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British Army in World War I

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British Army in World War I

At the start of World War I, the British Army comprised roughly 250,000 regular troops, about 120,000 of these were part of the British Expeditionary Force, which had been raised as part of the Haldane Refroms following the Second Boer War and the rest were stationed abroad. There were soldiers in all Britain's overseas possessions except the white dominions of Australia, New Zealand and Canada. The Army also had roughly 250,000 reservists and 270,000 Territorials.

By January of 1916 over 2.6 million men had enlisted and more were required. Conscription for single men was introduced in January 1916. Four months later, in May 1916, it was extended to all men aged 18 to 41. The Military Service Act of March 1916 forced the conscription of a further 2.3 million men although the Act was not enforced in Ireland due to the uprisings. At it's peak, in December of 1918, the Army comprised of 4 million men.

Women also volunteered and served in a non-combatant role; by the end of the war, 80,000 had enlisted. They mostly served as nurses in the Queen Alexandra's Imperial Military Nursing Service (QAIMNS), the First Aid Nursing Yeomanry (FANY), the Voluntary Aid Detachment (VAD); and from 1917, in the Army when the Women's Army Auxiliary Corps (WAAC), was founded. The WAAC was divided into four sections: cookery; mechanical; clerical and miscellaneous. Most stayed on the Home Front, but around 9,000 served in France.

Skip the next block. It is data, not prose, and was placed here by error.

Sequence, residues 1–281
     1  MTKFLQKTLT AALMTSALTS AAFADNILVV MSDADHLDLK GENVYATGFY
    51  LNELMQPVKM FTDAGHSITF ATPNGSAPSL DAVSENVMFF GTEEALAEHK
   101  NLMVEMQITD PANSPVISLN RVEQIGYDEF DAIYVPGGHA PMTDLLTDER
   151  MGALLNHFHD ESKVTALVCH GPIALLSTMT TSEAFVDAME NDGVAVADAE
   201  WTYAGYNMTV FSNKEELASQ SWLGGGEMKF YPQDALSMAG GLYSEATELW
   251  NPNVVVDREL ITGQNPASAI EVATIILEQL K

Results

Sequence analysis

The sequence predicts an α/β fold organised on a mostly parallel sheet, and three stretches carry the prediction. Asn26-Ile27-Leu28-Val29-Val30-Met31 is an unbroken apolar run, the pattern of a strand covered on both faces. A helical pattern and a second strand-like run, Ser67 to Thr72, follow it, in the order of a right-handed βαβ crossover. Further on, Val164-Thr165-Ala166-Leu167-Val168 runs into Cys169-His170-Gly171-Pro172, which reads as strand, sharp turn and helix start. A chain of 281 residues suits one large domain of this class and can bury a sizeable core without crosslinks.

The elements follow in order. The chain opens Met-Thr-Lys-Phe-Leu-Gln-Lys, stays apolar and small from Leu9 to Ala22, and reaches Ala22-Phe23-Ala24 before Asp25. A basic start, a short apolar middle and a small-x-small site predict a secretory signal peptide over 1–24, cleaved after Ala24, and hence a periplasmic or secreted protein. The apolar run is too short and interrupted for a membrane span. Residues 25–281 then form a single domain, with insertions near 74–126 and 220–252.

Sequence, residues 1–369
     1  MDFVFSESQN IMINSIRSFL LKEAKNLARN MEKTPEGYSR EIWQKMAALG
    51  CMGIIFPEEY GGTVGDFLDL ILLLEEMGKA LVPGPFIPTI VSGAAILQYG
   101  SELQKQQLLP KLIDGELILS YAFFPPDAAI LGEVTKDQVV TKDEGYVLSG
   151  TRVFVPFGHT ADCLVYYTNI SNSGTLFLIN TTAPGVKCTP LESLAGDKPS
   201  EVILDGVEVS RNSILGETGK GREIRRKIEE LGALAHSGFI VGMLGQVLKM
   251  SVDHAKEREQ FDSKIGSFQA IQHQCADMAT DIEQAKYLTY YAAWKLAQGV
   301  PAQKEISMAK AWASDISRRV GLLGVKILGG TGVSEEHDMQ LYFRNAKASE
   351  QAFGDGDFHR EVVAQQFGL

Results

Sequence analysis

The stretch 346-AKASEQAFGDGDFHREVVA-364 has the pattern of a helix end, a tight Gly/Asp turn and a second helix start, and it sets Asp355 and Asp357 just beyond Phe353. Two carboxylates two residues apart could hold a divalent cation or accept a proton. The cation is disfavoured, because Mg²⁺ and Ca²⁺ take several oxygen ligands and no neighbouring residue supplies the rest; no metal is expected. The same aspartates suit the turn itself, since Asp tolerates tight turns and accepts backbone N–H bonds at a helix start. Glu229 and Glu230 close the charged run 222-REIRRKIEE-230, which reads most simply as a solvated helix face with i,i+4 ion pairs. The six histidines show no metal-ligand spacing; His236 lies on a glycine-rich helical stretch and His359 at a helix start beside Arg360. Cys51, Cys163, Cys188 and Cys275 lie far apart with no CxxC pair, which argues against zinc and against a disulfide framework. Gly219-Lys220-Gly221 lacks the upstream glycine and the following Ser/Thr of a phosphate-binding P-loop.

Participation:
The Family Search web site maintains United Kingdom, World War I Service Records, 1914-1920. These Service Records, even the summary, indicates the Birth Year, place, Corps/unit/ship and the date of enlistment. Attribution to a Category is voluntary, this page illustrates how to do this. If unsure please discuss requirements with a Project Lead in the Project: United Kingdom.

The site maintains various categories for attribution for Military Decorations awarded to members of the British Armed Forces or by the Government of the United Kingdom.

Casualties
When the war ended in 1918, British Army casualties, as the result of enemy action and disease, were recorded as 673,375 dead and missing, presumed dead, with another 1,643,469 wounded. Wikitree maintains an Honour Roll for casualties of conflicts in honour of their memory. This honour roll is categorised into: Killed in Action (KIA), Wounded in Action (WIA), Missing in Action (MIA) and Prisoners of War (POW).

For those killed they will be registered with the Commonwealth War Graves Commission. This site has a comprehensive search engine which will provide the location of where your Profile members are buried, or remembered if they have no known grave.




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